Question One: I know that The Hunger Games is a children’s book, but a lot of adults are talking about it, too.  Who is this book for, anyways?

Well, dear readers, let me first quickly clear up some confusion.  The Hunger Games is actually a trilogy of books written by Suzanne Collins, the first of which is also named The Hunger Games.  The second book is entitled Catching Fire, and the third is Mockingjay.  The first book was published in 2008, and the second and third books were released in 2009 and 2010. There will be no further books added to this series.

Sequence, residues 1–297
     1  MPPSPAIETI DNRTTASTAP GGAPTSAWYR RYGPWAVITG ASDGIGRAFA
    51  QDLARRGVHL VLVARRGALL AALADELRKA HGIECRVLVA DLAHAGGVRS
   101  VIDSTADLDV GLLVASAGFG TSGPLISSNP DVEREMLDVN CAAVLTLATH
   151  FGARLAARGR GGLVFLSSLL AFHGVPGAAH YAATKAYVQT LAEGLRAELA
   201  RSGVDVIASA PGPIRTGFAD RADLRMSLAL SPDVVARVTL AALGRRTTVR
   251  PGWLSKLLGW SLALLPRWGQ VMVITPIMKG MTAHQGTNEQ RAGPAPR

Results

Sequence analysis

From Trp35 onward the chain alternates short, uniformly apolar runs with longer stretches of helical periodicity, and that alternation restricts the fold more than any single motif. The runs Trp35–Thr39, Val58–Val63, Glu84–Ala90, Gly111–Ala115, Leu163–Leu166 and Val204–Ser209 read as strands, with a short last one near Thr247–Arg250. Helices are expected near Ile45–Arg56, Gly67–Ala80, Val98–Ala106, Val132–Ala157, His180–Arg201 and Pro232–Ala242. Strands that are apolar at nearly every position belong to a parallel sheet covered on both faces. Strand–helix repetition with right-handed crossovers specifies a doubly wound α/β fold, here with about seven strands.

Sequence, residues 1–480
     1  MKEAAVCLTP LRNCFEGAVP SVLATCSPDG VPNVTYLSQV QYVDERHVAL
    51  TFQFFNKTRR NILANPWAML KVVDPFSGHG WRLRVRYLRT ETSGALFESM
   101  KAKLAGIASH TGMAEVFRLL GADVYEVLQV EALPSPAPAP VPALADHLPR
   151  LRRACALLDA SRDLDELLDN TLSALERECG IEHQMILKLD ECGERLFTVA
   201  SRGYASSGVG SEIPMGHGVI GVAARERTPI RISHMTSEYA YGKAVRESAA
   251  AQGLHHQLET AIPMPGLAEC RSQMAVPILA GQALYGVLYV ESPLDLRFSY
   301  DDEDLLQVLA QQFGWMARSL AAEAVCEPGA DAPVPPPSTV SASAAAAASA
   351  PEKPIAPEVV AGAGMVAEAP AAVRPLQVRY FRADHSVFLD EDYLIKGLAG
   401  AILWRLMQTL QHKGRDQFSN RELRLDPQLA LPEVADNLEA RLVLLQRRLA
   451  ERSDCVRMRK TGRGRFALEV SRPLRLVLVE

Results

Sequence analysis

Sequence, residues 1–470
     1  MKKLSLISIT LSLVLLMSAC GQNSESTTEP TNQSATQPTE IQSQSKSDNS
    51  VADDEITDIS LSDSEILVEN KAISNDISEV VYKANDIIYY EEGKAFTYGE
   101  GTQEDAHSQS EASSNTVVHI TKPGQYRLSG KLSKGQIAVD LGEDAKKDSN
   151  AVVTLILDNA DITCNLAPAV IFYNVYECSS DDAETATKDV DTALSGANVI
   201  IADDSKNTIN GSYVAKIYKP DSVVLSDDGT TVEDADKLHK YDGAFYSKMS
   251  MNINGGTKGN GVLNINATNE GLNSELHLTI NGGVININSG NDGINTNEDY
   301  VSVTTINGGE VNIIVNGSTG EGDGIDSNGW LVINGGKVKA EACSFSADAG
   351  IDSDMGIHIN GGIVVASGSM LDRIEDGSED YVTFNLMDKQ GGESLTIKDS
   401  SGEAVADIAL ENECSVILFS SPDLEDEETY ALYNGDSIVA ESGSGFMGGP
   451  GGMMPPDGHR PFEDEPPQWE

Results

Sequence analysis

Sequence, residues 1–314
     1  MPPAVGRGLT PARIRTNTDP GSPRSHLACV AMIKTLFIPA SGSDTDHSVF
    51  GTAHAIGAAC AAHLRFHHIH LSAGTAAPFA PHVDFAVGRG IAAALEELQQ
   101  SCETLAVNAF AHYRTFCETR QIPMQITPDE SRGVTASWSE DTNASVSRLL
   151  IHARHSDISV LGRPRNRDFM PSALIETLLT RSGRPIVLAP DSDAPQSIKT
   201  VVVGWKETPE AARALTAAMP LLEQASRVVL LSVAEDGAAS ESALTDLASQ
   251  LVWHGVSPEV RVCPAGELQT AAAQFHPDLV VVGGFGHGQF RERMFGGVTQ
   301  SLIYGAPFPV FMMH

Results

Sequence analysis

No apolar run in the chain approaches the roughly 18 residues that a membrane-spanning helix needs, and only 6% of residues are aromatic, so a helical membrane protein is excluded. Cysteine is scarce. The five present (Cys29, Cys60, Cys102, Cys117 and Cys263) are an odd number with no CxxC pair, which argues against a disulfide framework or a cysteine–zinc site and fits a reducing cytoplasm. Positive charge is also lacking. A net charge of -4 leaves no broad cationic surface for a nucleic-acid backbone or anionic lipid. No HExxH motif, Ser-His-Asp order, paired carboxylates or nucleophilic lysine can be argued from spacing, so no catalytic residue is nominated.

Collins wrote these books for a young adult audience.  Most of the book’s main characters are between the ages of 12-18, the same age as her intended readership.  However, this doesn’t mean that adults can’t read and thoroughly enjoy the books!  In fact, I URGE adults to read these books.  Like many children’s and young adult books, they are as complex, thought-provoking, and exciting as many highly-regarded adult books.

Some children younger than 12 have also read and enjoyed The Hunger Games.  If you do have a young child who is interested in reading these, I recommend that you read the books first, because they (as you’ll see in my quick plot summary) contain a lot of violence.  Even if you decide that your child can handle these books, you may also want to consider reading them aloud together or listening to the FANTASTIC audiobook version, in case they have questions or want to discuss concerns they have about the plot.